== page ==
It is simple, flavorful and goes well with anything from chapati, bread, pav, dosa or cheela or idli. Layer it inside the vada pav or toss a little over some salad.

Bajra Bhakri With Lasun Peanut Chutney

(The authentic vada pav chutney has grated roasted  dry coconut it in. Will share that recipe soon.)

You can also eat it with hot steamed rice. Just don’t forget to top it up with hot ghee (clarified butter) for that yummy taste. The minimal ingredients make it very versatile in use.

This chutney pairs well with bhakri made with either jowar (sorghum flour) or bajra (Pearl Millet flour). A dollop of fresh butter and the hot chutney adds to the flavor of the freshly made bhakri. I make Zunka Bhakar and serve it with this chutney and some raita or plain yogurt. A wholesome rustic meal full of nutrition.

To make this spicy chutney powder you will need :

Ingredients :

Raw Shelled Peanuts – 1 cup

Garlic – 8-10 cloves

Dry Whole Red Chilies – 4-5 ( use them as per your heat threshold)

Groundnut Oil – 3 tablespoon

Asafoitida – 1/4 teaspoon

Tamarind – lemon size ball ( deseeded)

Salt – To taste

I

Method:

  1. Dry roast the peanuts and rub them to remove the skin. Blow the sking away. Keep the peanuts aside to cool. Always roast a few at a time and on slow heat or they won’t get roasted properly. Either they will burn or remain raw. Nuts do not like crowding. 🙂
  2. In a kadhai or pan add a little oil and caramelize the garlic cloves. Keep 2-3 aside if you like the raw flavour of garlic otherwise saute them all. Once done, take them out in a plate and chop roughly.
  3.  Now roast the whole red chilies for that deeper flavour. You can omit the roasting of garlic and chilies if you wish but roasting them adds to the flavour and helps to keep the chutney powder for longer time.
  4. In a grinder add all the ingredients and pulse it to a medium coarse powder. Do not make it very smooth or the oil from peanuts will start separating. Also ensure that the peanuts are cooled before grinding. Always pulse slowly to get the right coarseness. e don’t want a garlicky peanut butter, do we?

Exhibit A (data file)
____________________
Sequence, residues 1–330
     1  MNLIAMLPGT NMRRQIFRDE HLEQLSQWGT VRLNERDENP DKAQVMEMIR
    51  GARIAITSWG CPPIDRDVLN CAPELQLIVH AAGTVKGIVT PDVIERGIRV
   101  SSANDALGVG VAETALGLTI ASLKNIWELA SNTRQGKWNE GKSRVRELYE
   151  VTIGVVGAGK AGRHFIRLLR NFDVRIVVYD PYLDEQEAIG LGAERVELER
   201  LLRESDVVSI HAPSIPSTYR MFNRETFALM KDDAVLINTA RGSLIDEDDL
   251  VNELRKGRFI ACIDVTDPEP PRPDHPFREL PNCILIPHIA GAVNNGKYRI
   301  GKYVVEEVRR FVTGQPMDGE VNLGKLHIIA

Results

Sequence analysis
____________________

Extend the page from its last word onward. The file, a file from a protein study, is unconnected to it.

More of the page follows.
5. While grinding stir the mixture with a spatula between each burst to ensure even grinding. The chutney tends to become clumpy so loosening it helps in a good texture.
  6. Take it out in an air tight container and use when desired.
  7. You can store it for at least 2-3 weeks. Longer than that may turn the peanuts rancid and the chutney will go waste.
  8. Some people dry the chutney powder in the sun for an hour or so to remove all moisture and then store it a bit longer. I prefer to make in small quantities. The freshness of the chutney is the key to the authentic aroma and flavour.
  9. The spicy garlic peanut dry chutney powder is ready to eat.

 

 

 

Sundried Indian Gooseberry Supari|Candy


Sundried sweet amla candy and the salted tangy amla supari are very good methods of preserving the fruit. These can then be used as mouth fresheners and appetizers. Every year ma used to make them in winter and all through the year we would munch on them. I learned from her and began making my own version.

I know I am going overboard with amla recipes but then this fruit deserves such attention. A potent source of Vitamin C ,it helps our body’s immune system, digestive system and is good whichever way you eat it. In Ayurveda Amla is used to make many preparations including the well known chyawanprash. This bright green translucent fruit is full of other nutrients too. You can Google to look them up.